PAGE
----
JSF Tutorial: JSF Hello World Example on Eclipse and Tomcat

In this JSF tutorial and example, we will write a simple Hello World example using JSF and it’s default renderer – HTML renderer on Eclipse IDE. Next, the application will be deployed on tomcat, and run to see results.  Functionality of our project is simple – enter first name and last name, on press of submit button, show the complete name. If any field is empty then show error.

Create a Dynamic Web Project

Create dynamic web project in eclipse using following steps. In eclipse, click on New > Project to arrive at following screen.

JSF Tutorial

On this screen, select Dynamic Web Project and press next button.

Create Dynamic Web Project Step 2

In this screen enter the Project name, and select the directory where you want the code to be stored. It can be in your default workspace. Press next button.

Create Dynamic Web Project Step 3

Here, change the Java source directory to ‘srcmainjava’, good to have main and test java resources separated. Click on finish button and the dynamic web project will be created.
Last thing, right click on project and go to properties > Java Build Path > Source Tab. Change the default output folder to ‘JSFTutorial/WebContent/WEB-INF/classes’.

Set Default Output

Add Required Libraries:

Add following jar files to the project. The Jsf jars can be downloaded from JSF project site. Dependencies can be downloaded from Maven central repository.

WebContent/WEB-INF/lib

commons-beanutils.jar
commons-chain.jar
commons-collections.jar
commons-digester.jar
commons-logging.jar
jsf-api.jar
jsf-impl.jar
jstl.jar

Ensure compatibility in amongst the jars.

Create JSP

Add this jsp to the document root. This is the first jsp we call to start our Hello World application.

/WebContent/HelloWorld.jsp

<%@taglib 
uri="http://java.sun.com/jsf/core" prefix="f"%>
<%@taglib uri="http://java.sun.com/jsf/html" prefix="h"%>

<html>
<head><title>Hello World</title></head>
<body>
<f:view>
		<p>
			<h:message id="errors" for="firstName" style="color:red"/>
			<h:message id="errors1" for="lastName" style="color:red"/>
		</p>
	<h:form>
			<h:outputText value="First Name"></h:outputText>
			<h:inputText id="firstName" value="#{helloWorldBean.firstName}" 
			required="true">
			</h:inputText>
			<h:outputText value="Last Name"></h:outputText>
			<h:inputText id="lastName" value="#{helloWorldBean.lastName}"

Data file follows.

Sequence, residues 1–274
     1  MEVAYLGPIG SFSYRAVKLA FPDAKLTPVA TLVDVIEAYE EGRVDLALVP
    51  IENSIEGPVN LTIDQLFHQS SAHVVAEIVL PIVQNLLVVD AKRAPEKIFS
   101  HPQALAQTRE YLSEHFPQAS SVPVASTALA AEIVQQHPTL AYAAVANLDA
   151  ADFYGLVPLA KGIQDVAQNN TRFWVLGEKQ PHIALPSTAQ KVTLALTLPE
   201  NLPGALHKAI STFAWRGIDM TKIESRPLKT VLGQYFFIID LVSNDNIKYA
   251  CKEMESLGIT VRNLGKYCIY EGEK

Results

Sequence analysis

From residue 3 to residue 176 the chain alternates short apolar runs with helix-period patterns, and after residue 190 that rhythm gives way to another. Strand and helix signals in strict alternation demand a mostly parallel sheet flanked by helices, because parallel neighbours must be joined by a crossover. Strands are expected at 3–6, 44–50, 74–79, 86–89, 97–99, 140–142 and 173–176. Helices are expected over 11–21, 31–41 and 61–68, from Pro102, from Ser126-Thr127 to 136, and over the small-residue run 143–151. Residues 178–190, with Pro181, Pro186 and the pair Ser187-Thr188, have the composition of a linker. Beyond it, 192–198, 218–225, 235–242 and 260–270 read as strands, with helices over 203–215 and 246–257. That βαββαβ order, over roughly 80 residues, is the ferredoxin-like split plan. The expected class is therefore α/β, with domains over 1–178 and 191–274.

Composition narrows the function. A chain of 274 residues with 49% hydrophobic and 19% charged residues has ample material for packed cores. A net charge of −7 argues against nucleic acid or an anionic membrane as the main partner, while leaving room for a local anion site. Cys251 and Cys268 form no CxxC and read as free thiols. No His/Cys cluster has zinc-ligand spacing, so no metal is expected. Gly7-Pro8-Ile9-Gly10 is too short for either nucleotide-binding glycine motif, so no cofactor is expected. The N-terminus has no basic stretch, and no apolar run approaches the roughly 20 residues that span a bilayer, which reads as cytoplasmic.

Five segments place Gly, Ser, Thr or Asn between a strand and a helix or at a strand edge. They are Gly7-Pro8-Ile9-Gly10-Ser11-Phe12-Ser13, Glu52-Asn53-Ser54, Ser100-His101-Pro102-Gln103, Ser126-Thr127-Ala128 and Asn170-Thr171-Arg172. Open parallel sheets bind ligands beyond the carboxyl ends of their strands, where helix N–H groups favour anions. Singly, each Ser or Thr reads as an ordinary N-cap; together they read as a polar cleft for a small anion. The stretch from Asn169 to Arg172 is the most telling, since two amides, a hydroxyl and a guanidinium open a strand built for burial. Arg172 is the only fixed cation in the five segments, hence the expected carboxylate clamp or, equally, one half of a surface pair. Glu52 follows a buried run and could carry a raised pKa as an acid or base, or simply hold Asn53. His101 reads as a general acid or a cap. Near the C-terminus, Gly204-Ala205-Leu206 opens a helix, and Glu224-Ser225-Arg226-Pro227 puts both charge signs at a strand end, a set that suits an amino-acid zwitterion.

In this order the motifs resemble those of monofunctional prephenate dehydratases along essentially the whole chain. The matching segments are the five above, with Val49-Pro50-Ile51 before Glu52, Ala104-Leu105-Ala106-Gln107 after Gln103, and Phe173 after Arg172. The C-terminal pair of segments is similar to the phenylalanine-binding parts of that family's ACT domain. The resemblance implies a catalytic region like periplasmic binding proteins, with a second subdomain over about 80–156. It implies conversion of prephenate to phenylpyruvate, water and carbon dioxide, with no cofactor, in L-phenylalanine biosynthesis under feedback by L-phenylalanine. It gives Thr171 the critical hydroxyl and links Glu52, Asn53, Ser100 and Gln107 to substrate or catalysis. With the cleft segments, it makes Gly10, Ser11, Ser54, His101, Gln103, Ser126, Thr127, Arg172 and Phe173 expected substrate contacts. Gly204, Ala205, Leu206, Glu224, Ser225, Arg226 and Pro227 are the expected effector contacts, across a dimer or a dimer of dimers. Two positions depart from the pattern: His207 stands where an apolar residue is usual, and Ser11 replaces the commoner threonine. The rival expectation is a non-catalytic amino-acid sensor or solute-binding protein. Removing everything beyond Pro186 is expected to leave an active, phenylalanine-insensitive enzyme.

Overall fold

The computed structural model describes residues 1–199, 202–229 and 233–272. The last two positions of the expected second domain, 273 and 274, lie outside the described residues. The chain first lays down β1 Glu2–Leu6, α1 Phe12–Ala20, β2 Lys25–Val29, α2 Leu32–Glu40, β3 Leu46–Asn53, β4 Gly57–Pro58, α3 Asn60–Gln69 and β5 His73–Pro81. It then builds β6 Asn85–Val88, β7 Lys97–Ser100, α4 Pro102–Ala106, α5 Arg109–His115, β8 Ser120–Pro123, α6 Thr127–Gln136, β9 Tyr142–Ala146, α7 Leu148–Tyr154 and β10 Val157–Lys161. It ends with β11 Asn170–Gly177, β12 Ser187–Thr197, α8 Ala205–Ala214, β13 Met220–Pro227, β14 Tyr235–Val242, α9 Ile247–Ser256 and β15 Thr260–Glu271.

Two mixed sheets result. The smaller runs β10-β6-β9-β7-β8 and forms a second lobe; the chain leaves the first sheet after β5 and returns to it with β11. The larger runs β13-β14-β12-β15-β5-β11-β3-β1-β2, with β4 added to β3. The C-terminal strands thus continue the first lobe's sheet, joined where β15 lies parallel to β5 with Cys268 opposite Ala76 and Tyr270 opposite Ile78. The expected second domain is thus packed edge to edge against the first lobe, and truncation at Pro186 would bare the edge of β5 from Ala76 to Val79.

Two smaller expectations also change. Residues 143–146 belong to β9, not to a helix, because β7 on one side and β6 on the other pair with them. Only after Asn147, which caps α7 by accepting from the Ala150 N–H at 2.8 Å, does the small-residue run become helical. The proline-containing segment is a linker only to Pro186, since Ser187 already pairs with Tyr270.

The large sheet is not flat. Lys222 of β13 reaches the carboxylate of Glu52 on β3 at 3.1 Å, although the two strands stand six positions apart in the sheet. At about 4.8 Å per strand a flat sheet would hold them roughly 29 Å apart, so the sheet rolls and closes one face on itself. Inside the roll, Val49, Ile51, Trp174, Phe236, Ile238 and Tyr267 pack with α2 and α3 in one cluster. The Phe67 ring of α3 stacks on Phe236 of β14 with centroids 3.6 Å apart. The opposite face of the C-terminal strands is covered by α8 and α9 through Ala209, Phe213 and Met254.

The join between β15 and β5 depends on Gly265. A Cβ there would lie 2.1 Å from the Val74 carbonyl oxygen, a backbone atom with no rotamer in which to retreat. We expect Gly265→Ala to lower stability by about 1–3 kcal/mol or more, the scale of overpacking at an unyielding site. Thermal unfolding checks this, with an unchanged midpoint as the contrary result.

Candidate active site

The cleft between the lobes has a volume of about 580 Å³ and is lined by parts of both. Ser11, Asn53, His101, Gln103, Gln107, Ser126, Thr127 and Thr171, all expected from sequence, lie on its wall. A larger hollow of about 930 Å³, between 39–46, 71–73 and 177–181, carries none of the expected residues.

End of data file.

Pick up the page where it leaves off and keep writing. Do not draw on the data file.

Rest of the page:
required="true"></h:inputText>
			<h:commandButton action="#{helloWorldBean.sayHelloWorld}"
				value="Get Complete Name"></h:commandButton>
	</h:form>
</f:view>
</body>
</html>

Below are the highlights of this jsp.

  • Jsf core and html tag libraries are used.
  • Root component is core library view tag (f:view).
  • Error messages are displayed using html message (h:message) tags in red color formatting.
  • All components to be submitted through request are included in html form tag (h:form).
  • All components are linked with HelloWorldBean.
  • ‘firstName’ and ‘lastName’ are required fields and use validation provided by jsf.
  • Command Button is linked with a method sayHelloWorld() in HelloWorldBean.

Next, we have the jsp which will result after submission of above jsp. This jsp shows the result of submission i.e. complete name.
/WebContent/HelloWorldResult.jsp

<%@taglib uri="http://java.sun.com/jsf/core" 
prefix="f"%> <%@taglib uri="http://java.sun.com/jsf/html" prefix="h"%>

<html>
<head><title>Hello World Result</title></head>
<body>
<f:view>
	<h:form>
		<h:outputText value="Complete Name is 
		#{helloWorldBean.completeName}">
		</h:outputText>
	</h:form>
</f:view>
</body>
</html>

Create Backing Bean

We use following POJO as a backing bean for the jsps. This has attributes for our functionality with getter and setter methods. In addition to this, it has a method ‘sayHelloWorld’ that handles the submit button action.
/src/main/java/com/myhomepageindia/jsftutorial/web/bean/HelloWorldBean.java

package com.myhomepageindia.jsftutorial.web.bean;

public class HelloWorldBean {
	private String firstName;
	private String lastName;
	public String getFirstName() {
		return firstName;
	}
	public void setFirstName(String firstName) {
		this.firstName = firstName;
	}
	public String getLastName() {
		return lastName;
	}
	public void setLastName(String lastName) {
		this.lastName = lastName;
	}
	public String getCompleteName() {
		return this.firstName + " " + this.lastName;
	}
	public String sayHelloWorld(){
		return "success";
	}

}

Create Configuration File

Jsf looks for faces-config.xml in classpath and loads the configuration defined from here. Here we have defined managed bean (the backing bean), and navigation rule that takes to second jsp on submission from first jsp.

/WebContent/WEB-INF/faces-config.xml

<?xml version="1.0" encoding="UTF-8"?>  

<faces-config xmlns="http://java.sun.com/xml/ns/javaee"
    xmlns:xsi="http://www.w3.org/2001/XMLSchema-instance"
    xsi:schemaLocation="http://java.sun.com/xml/ns/javaee 
    http://java.sun.com/xml/ns/javaee/web-facesconfig_1_2.xsd"
    version="1.2">
    <managed-bean>
        <managed-bean-name>helloWorldBean</managed-bean-name>
        <managed-bean-class>
            com.myhomepageindia.jsftutorial.web.bean.HelloWorldBean
        </managed-bean-class>
        <managed-bean-scope>session</managed-bean-scope>
    </managed-bean>
    <navigation-rule>
        <display-name>HelloWorld</display-name>
        <from-view-id>/HelloWorld.jsp</from-view-id>
        <navigation-case>